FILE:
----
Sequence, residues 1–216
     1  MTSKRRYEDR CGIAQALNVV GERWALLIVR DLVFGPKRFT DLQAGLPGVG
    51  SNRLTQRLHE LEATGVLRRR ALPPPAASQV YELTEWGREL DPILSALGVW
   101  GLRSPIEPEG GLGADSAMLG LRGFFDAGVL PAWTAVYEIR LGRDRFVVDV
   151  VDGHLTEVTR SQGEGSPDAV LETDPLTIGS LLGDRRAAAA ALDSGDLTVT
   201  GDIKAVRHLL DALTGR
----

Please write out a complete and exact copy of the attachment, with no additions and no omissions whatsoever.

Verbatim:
Sequence, residues 1–216
     1  MTSKRRYEDR CGIAQALNVV GERWALLIVR DLVFGPKRFT DLQAGLPGVG
    51  SNRLTQRLHE LEATGVLRRR ALPPPAASQV YELTEWGREL DPILSALGVW
   101  GLRSPIEPEG GLGADSAMLG LRGFFDAGVL PAWTAVYEIR LGRDRFVVDV
   151  VDGHLTEVTR SQGEGSPDAV LETDPLTIGS LLGDRRAAAA ALDSGDLTVT
   201  GDIKAVRHLL DALTGR